Republican coroner’s race brings familiar competitors

HANCOCK COUNTY — The three-way race for the Republican nomination for county coroner might feel a little like déjà vu.

Dan Devoy and Joe Fortner, who lost a three-way race for the seat in 2012, are seeking the Republican Party nomination for the position, which paid about $7,800 in 2015. Also running is deputy coroner Rudy Nylund, who is running for the office for the first time but has served as a deputy coroner since 2006.

Their names should sound familiar. Each of the candidates has sought to fill voids in the office’s leadership, which has been in flux the past few years.

In 2012, Coroner Tammy Vangundy was removed from office after she pleaded guilty in a drunken-driving case that prohibited her from holding office. Devoy was chosen over both Nylund and Fortner by a Republican caucus to fulfill the remaining three months of her term.

When the local Republican Party declined to slate a replacement for Vangundy on the Republican ballot for the 2012 general election, Devoy and Fortner filed to run as independents against Democrat Crystel Myers, who won the race.

Myers, whose term ends this year, has not filed for re-election. Her leadership the past three years has been criticized by county officials, who have twice docked her pay, noting she completes payroll and other paperwork but doesn’t take an active role in death investigations.

Last year, Myers said she hasn’t investigated a death since 2013, instead taking an administrative role as coroner. Her deputy coroners, including Nylund, handle all death investigations.

Devoy, a field officer for Hancock County Community Corrections, filed for election Monday. He has a decade’s worth of experience working as a deputy coroner for the local coroner’s office, including a stint as former Coroner John Jester’s chief deputy coroner. He has not served under Myers.

Nylund, who is a full-time assistant fire chief for Buck Creek Township Fire Department, also has nearly 10 years’ experience working for the office; he’s been involved in more than 300 death investigations during his tenure, and this year, took more death calls than any other deputy coroner.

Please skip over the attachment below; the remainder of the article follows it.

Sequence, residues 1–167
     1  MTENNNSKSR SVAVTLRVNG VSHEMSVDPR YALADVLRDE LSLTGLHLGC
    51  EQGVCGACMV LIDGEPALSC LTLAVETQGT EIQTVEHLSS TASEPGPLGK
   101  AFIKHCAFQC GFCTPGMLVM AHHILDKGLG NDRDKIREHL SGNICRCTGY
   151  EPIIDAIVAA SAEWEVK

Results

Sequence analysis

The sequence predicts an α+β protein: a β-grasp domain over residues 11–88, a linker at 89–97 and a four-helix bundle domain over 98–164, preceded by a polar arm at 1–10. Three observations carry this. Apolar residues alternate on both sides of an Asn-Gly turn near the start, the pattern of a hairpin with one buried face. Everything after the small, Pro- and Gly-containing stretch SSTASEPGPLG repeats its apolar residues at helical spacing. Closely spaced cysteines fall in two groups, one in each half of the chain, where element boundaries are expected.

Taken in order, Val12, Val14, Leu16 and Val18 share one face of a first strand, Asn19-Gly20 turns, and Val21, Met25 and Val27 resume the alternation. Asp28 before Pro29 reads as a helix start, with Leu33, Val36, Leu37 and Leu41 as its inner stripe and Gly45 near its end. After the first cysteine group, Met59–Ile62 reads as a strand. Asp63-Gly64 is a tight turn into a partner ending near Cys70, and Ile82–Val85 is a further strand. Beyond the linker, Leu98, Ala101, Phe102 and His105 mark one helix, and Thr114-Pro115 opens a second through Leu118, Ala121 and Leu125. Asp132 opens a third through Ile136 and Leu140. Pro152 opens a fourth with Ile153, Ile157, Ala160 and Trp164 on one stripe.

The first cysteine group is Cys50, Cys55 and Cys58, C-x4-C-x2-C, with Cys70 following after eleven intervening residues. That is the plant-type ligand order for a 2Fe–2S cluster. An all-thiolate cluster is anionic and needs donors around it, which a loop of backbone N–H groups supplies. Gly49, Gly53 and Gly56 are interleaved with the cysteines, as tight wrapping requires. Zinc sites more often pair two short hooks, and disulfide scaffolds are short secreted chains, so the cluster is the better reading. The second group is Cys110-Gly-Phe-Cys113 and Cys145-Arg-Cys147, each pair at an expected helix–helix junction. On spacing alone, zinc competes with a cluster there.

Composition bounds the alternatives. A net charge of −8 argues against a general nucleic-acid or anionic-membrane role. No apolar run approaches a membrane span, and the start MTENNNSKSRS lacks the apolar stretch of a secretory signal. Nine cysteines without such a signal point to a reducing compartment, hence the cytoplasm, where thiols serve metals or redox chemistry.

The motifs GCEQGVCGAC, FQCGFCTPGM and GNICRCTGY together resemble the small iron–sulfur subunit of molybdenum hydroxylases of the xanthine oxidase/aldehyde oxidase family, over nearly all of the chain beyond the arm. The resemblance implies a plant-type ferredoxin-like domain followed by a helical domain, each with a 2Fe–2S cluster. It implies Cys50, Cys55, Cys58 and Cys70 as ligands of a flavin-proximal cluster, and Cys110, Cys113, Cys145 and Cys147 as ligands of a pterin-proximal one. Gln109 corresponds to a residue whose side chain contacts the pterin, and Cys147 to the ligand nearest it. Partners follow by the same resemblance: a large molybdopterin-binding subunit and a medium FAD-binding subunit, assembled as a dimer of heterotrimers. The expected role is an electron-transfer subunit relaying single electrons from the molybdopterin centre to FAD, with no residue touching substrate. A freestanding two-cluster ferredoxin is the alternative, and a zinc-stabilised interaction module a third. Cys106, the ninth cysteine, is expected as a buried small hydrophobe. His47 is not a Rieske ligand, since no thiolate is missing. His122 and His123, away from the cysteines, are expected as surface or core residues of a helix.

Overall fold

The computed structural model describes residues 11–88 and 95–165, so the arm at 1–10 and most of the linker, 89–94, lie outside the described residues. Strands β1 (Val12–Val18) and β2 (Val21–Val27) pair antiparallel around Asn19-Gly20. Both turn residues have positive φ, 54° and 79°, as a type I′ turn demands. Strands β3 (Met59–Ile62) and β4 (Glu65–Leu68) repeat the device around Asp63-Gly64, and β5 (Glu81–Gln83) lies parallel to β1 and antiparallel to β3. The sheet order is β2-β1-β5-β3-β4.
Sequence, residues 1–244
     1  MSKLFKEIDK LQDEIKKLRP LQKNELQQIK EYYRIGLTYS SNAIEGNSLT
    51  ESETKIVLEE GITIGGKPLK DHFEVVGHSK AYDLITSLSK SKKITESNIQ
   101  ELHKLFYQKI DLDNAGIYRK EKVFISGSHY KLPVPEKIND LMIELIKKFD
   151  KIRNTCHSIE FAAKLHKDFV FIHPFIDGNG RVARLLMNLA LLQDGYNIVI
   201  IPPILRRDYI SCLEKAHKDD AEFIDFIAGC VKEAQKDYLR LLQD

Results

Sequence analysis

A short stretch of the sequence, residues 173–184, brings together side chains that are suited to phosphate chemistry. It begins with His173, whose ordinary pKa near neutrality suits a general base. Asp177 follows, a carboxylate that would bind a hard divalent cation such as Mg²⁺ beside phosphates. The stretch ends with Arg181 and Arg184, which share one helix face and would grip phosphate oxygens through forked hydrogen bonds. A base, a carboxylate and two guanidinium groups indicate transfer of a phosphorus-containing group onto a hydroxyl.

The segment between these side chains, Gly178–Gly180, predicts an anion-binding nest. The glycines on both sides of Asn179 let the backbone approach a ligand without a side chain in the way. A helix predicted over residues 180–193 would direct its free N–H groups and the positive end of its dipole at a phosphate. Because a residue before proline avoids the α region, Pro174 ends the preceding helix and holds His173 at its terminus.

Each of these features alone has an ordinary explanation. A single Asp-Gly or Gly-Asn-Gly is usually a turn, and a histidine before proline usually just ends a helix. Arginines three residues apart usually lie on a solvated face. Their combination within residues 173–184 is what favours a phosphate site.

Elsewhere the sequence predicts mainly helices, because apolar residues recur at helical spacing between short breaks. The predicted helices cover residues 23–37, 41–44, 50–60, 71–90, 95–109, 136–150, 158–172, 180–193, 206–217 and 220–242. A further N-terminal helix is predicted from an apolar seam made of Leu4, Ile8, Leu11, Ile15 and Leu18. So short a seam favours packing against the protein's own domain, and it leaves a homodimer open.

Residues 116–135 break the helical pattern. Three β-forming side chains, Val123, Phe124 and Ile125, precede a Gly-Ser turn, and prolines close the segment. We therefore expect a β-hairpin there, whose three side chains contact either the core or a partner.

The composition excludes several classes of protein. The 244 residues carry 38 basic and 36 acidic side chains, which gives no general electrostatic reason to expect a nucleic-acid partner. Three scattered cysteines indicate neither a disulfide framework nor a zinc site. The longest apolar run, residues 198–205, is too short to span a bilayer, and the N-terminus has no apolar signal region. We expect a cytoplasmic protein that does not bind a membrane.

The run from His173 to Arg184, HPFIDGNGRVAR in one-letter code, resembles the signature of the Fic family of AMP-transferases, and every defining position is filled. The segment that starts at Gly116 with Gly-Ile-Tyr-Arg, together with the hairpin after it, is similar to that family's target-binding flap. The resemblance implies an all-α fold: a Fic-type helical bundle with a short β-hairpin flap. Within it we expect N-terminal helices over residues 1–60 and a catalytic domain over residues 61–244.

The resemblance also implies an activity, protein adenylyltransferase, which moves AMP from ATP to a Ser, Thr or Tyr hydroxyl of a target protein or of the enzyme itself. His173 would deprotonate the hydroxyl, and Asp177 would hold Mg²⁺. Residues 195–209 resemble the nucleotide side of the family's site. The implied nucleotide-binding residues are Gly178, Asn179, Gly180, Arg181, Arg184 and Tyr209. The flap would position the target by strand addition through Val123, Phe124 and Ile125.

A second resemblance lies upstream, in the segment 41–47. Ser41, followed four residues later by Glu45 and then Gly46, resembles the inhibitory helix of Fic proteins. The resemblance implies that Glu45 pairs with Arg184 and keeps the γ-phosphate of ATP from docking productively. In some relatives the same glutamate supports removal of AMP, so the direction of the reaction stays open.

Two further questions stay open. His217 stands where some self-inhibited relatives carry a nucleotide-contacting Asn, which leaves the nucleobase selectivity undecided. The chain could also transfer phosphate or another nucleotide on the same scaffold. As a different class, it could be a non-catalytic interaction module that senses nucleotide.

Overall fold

Fortner, a retired Greenfield Fire Department fire chief, served as chief deputy coroner under Dr. Fred Counter in the late 1980s.

Both Nylund and Devoy say their campaign goals include securing more funding for the office, which has seen budget shortfalls the past few years. Last September, for example, the county council had to secure $20,000 of emergency funding to pay the office’s remaining bills for 2015.

An increased caseload has strained funding, Nylund said, as more autopsies are required. This year, the office investigated 129 deaths, compared to the 50 to 60 the office investigated just a few years ago.

Devoy said he’d work with other county officials to find ways to increase funding for the office. Its budget needs to be updated to better reflect the caseload, he said.

Nylund said the coroner’s office needs more work space to accommodate the increase in cases. Currently, the coroner’s office is one room located in the basement of the sheriff’s department.

Nylund’s No. 1 goal if elected is securing a larger, independent office space.

Fortner said the biggest issue the office currently faces is a drug problem in the county. He wants the coroner’s office to work with local law enforcement and other community organizations to educate the community about the harmful effects of drugs, such as heroin.

So far, no Democrats have filed to run for coroner; residents have until noon Feb. 5 to file for the May 3 primary.

Other county offices on the ballot include treasurer, three at-large council seats and two commissioner seats.

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Samm Quinn is a reporter at the Greenfield Daily Reporter. She can be reached at 317-477-3275 or